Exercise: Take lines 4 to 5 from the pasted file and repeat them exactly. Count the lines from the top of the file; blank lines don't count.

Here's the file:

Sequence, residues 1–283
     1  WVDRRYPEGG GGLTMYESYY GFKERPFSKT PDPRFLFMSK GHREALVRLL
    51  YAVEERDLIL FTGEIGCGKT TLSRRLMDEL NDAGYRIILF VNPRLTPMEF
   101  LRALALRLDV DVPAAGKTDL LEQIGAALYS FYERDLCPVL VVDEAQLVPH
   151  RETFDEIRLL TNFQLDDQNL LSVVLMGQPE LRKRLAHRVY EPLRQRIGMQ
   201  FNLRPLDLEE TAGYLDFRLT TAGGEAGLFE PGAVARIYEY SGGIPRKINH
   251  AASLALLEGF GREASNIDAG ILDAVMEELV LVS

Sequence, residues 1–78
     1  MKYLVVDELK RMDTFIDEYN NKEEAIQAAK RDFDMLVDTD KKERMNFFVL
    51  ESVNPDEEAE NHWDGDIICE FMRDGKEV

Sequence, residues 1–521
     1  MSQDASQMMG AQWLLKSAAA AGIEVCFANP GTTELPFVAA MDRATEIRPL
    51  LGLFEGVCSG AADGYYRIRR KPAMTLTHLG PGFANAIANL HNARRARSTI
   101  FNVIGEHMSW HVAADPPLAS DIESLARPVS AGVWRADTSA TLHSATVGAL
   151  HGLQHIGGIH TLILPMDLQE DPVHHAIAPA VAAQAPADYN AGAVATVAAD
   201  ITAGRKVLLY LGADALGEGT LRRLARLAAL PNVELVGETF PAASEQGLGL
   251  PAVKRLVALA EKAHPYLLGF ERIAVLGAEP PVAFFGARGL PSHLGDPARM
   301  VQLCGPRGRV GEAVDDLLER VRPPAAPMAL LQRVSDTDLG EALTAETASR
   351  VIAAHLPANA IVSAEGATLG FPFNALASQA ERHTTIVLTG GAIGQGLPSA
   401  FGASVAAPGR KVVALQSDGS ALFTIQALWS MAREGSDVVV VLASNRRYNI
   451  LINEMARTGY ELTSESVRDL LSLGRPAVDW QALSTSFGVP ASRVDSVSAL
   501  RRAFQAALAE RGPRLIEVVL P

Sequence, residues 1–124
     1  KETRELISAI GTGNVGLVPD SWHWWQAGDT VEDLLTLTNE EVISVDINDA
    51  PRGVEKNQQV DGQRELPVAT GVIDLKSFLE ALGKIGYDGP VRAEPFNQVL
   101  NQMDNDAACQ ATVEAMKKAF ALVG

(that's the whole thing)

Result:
   101  LRALALRLDV DVPAAGKTDL LEQIGAALYS FYERDLCPVL VVDEAQLVPH
   151  RETFDEIRLL TNFQLDDQNL LSVVLMGQPE LRKRLAHRVY EPLRQRIGMQ